While the constitution of the United States (for example) allows no legislation on religion, things differ in Europe. The Council of Europe, to which 47 European nations belong, has had in force since 1953 a "Convention for the Protection of Human Rights and Fundamental Freedoms", which defines religious freedom and sets certain limits to it:
On June 22, 1999 the Council of Europe Parliamentary Assembly adopted, unanimously, in view of the "the serious incidents which had occurred in recent years" a recommendation which gives priority to the provision of information on sects. The recommendation regards major legislation on sects as undesirable, but it calls on the member states:
i. where necessary, to set up or support independent national or regional information centres on groups of a religious, esoteric or spiritual nature;
ii. to include information on the history and philosophy of important schools of thought and of religion in general school curricula;
iii. to use the normal procedures of criminal and civil law against illegal practices carried out in the name of groups of a religious, esoteric or spiritual nature;
iv. to ensure that legislation on the obligation to enrol children at school is rigorously applied, and that appropriate authorities intervene in the event of non-compliance;
v. where necessary, to encourage the setting-up of non-governmental organisations for the victims, or the families of victims, of religious, esoteric or spiritual groups, particularly in eastern and central European countries;
vi. to encourage an approach to religious groups which will bring about understanding, tolerance, dialogue and resolution of conflicts;
vii. to take firm steps against any action which is discriminatory or which marginalises religious or spiritual minority groups.
On May 22, 1984 the European Parliament passed a resolution with the title "New Organizations Operating Under the Protection Afforded to Religious Beliefs" that expressed the Parliament's concern about the recruitment and treatment of the members of these new organizations.
In March 1997, a "Resolution on cults in Europe" by the European Parliament reaffirmed its attachment to the basic principles of democracy and the rule of law (such as tolerance, and freedom of conscience, religion, thought, association and assembly) as well as calling on its Committee on Civil Liberties and Internal Affairs to meet and work on collecting and sharing information that would enable the drawing of conclusions on the best way to restrain undesirable activities by sects and on strategies to raise public awareness about them.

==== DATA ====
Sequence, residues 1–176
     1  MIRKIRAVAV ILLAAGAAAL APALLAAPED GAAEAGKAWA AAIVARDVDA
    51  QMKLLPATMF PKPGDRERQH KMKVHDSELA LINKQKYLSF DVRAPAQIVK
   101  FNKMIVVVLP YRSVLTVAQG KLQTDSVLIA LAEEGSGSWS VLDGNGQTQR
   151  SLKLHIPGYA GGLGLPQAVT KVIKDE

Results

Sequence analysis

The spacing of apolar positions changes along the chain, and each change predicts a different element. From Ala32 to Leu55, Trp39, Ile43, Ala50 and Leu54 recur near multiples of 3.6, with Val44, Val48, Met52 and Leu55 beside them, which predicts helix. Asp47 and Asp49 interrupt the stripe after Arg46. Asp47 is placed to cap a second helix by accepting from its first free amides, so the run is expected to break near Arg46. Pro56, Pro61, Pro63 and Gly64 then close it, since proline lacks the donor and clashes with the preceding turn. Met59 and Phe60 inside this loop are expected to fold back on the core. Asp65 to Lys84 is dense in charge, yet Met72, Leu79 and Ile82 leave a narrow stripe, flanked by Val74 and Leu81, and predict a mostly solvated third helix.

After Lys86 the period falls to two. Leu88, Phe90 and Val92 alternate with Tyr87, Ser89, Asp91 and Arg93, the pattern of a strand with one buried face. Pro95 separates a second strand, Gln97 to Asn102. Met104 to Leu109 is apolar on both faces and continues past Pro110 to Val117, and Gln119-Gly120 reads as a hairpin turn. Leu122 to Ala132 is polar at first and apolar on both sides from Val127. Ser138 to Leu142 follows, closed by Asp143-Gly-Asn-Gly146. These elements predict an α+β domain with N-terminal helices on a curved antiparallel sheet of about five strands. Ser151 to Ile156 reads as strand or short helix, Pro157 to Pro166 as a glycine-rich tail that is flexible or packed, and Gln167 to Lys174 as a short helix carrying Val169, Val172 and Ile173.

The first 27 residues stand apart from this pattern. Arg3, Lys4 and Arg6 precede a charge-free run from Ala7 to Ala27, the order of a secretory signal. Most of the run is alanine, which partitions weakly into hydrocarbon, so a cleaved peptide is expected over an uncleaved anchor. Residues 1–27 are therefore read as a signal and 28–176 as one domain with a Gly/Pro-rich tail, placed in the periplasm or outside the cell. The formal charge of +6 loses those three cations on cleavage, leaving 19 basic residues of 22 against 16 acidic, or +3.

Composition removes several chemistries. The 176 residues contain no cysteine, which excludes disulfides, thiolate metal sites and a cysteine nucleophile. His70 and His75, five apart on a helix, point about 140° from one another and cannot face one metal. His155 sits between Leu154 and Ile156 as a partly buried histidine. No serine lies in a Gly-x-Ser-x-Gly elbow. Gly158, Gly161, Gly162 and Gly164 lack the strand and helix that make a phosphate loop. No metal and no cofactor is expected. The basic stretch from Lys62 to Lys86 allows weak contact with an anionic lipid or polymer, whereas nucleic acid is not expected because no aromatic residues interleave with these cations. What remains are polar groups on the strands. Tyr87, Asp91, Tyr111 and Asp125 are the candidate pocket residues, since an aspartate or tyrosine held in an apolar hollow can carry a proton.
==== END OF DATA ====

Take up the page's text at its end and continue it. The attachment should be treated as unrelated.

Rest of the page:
On December 22, 1997 the Committee on Civil Liberties and Internal Affairs released an amended resolution named "Resolution on Cults in the European Union" and originally intended for voting on by the European Parliament in Strasbourg during the session of January 1998. The plenary of the European Parliament in July 1998 rejected the text of the resolution, with anti-cultists seeing it as too weak and religious-liberties activists considering it out of the scope of the European Parliament to decide. The resolution went back to the Commission for further consideration.
Following the 1995 mass-suicides of adepts of the Order of the Solar Temple, the French Parliament set up a Parliamentary Commission, led by MP Alain Gest, and encouraged public caution towards groups that it classed as cults. In December 1995 the Commission parlementaire sur les sectes en France ("Parliamentary Commission on cults in France") published its report (also known as the Rapport Gest-Guyard). The document classified various movements and qualified as cults those movements which it considered represented a potential threat either toward the adepts themselves or toward society and the state. The Parliament also adopted legislation making it easier to prosecute alleged crimes committed by cults. However, both the reports and the legislation have proven controversial in some circles; Scientology, in particular, refuses to accept its classification as a cult. Whatever the stance adopted, the report provides a serious categorization of new religious movements and other cultic phenomena, and attempts to define what constitutes a "cult", notwithstanding the necessary respect of freedom of religion and the 1905 French law on the separation of Church and State.
French Prime Minister Jean-Pierre Raffarin issued a circulaire in May 2005 calling for renewed vigor in the fight against cults, and indicating in passing that the list of cults published in the 1995 parliamentary report had become less relevant over time as the methods and forms used by cults evolved.